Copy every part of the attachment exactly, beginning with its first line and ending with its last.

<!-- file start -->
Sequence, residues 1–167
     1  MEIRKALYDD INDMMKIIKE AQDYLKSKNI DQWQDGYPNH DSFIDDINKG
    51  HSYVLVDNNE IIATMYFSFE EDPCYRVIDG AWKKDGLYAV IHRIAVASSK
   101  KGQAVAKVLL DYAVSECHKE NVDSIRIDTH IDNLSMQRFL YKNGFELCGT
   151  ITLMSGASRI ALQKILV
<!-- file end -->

Sequence, residues 1–167
     1  MEIRKALYDD INDMMKIIKE AQDYLKSKNI DQWQDGYPNH DSFIDDINKG
    51  HSYVLVDNNE IIATMYFSFE EDPCYRVIDG AWKKDGLYAV IHRIAVASSK
   101  KGQAVAKVLL DYAVSECHKE NVDSIRIDTH IDNLSMQRFL YKNGFELCGT
   151  ITLMSGASRI ALQKILV